There are big headlines in the paper today, how the Congressional Budget Office (CBO) released a study on the impact of the Affordable Care Act and Republicans and other conservatives are distorting what the study said. Read the New York Times Editorial response below to understand what the CBO really stated. I bolded what I thought were the key points made by the CBO study in the New York Times Editorial.  


Freeing Workers From the Insurance Trap


The Congressional Budget Office estimated on Tuesday that the Affordable Care Act will reduce the number of full-time workers by 2.5 million over the next decade. That is mostly a good thing, a liberating result of the law. Of course, Republicans immediately tried to brand the findings as “devastating” and stark evidence of President Obama’s health care reform as a failure and a job killer.

It is no such thing.

The report estimated that — thanks to an increase in insurance coverage under the act and the availability of subsidies to help pay the premiums — many workers who felt obliged to stay in a job that provided health benefits would now be able to leave those jobs or choose to work fewer hours than they otherwise would have. In other words, the report is about the choices workers can make when they are no longer tethered to an employer because of health benefits. The cumulative effect on the labor supply is the equivalent of 2.5 million fewer full-time workers by 2024.

Some workers may have had a pre-existing condition and will now be able to leave work because insurers must accept all applicants without regard to health status and charge premiums unrelated to health status. Some may have felt they needed to keep working to pay for health insurance, but now new government subsidies will help pay premiums, making it more possible for them to leave their jobs.

The report clearly stated that health reform would not produce an increase in unemployment (workers unable to find jobs) or underemployment (part-time workers who would prefer to work more hours per week). It also found “no compelling evidence” that, as of now, part-time employment has increased as a result of the reform law, a frequent claim of critics of the law. Whether that will hold up after a mandate that requires employers to provide coverage, which was delayed until 2015, kicks in is uncertain.

In separate estimates, the budget office predicted that two million fewer people will get insurance coverage in 2014 than it had previously predicted, mostly because of technical problems with the rollout of new insurance exchanges and other implementation glitches. The shortfall includes one million fewer people enrolling in private insurance (the 2014 projection is reduced from seven million to six million) and one million fewer enrolling in Medicaid and a related children’s health insurance program (reduced from nine million to eight million).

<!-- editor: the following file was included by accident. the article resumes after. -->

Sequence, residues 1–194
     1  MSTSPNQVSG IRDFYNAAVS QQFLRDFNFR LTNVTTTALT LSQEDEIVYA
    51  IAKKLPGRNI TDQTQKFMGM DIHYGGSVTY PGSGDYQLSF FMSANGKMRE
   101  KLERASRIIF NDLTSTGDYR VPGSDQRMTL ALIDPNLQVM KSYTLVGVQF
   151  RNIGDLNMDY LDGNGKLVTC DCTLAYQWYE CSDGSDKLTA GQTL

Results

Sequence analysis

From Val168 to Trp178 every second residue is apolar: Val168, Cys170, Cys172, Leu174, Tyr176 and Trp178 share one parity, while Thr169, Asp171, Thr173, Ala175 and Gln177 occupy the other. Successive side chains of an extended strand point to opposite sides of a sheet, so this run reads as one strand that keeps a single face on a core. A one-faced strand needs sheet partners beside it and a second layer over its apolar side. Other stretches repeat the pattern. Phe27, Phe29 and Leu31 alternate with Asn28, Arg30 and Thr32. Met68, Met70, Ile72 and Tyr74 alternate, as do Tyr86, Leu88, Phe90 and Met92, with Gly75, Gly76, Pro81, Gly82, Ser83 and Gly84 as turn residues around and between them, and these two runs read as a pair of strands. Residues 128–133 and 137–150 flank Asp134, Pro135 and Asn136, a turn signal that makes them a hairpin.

Given the rocky start, 14 million additional Americans covered by insurance through the exchanges and Medicaid is sound progress; and budget office projects a sharp increase in enrollment in 2015 and 2016 and a bigger net reduction in the number of uninsured. Its projections for subsequent years remain essentially unchanged. In 2017, it predicts 12 million more in Medicaid and 24 million more in private coverage through the exchanges.

The new law will free people, young and old, to pursue their careers or retirement without having to worry about health coverage. Workers can seek positions they are most qualified for and need no longer feel locked into a job they don’t like because they need insurance for themselves or their families. It is hard to view this as any kind of disaster.

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Uninsured Still Don't Realize Financial Support Is Available to Help Pay For Insurance

The Robert Wood Johnson Foundation recently released results of an in depth survey as to why people without health insurance aren't jumping to sign up for insurance on the Health Exchange. It turns out that many of the uninsured think the insurance will be too expensive and they don't realize that financial help in the form of an advancable tax credit is available to help pay for insurance. 

Here is what Robert Wood Johnson said, taken from their website:

The Robert Wood Johnson Foundation recently conducted a research study to check in with consumers midway through open enrollment. Focus groups were held in late November 2013 in Philadelphia, Richmond and Chicago with uninsured and self-purchase populations. A national survey of 1,147 uninsured individuals, ages 18-64 was fielded December 19-29, 2013.

The study results indicate that while most of the uninsured have heard of the marketplace in their state, only about one-quarter had visited the website at the end of December. There is an opportunity to use messaging that addresses barriers and motivates consumers to pursue coverage before enrollment ends on March 31, 2014.